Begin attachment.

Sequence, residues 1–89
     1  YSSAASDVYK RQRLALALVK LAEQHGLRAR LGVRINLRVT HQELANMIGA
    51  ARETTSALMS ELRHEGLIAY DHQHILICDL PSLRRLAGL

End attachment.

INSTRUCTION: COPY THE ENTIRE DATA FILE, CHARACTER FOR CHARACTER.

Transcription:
Sequence, residues 1–89
     1  YSSAASDVYK RQRLALALVK LAEQHGLRAR LGVRINLRVT HQELANMIGA
    51  ARETTSALMS ELRHEGLIAY DHQHILICDL PSLRRLAGL